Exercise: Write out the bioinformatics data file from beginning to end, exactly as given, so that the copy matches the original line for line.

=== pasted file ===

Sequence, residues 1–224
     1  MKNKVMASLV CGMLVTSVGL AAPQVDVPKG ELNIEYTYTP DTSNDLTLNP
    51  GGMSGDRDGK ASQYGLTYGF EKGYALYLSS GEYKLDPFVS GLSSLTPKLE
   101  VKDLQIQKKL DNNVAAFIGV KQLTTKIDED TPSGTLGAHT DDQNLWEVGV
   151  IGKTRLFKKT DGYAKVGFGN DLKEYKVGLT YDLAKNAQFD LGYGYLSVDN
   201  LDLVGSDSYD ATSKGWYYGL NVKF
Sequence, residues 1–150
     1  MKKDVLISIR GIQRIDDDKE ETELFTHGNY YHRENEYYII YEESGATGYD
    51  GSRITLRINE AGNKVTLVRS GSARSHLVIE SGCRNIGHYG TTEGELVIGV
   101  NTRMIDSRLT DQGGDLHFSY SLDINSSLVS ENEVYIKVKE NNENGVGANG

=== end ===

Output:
Sequence, residues 1–224
     1  MKNKVMASLV CGMLVTSVGL AAPQVDVPKG ELNIEYTYTP DTSNDLTLNP
    51  GGMSGDRDGK ASQYGLTYGF EKGYALYLSS GEYKLDPFVS GLSSLTPKLE
   101  VKDLQIQKKL DNNVAAFIGV KQLTTKIDED TPSGTLGAHT DDQNLWEVGV
   151  IGKTRLFKKT DGYAKVGFGN DLKEYKVGLT YDLAKNAQFD LGYGYLSVDN
   201  LDLVGSDSYD ATSKGWYYGL NVKF
Sequence, residues 1–150
     1  MKKDVLISIR GIQRIDDDKE ETELFTHGNY YHRENEYYII YEESGATGYD
    51  GSRITLRINE AGNKVTLVRS GSARSHLVIE SGCRNIGHYG TTEGELVIGV
   101  NTRMIDSRLT DQGGDLHFSY SLDINSSLVS ENEVYIKVKE NNENGVGANG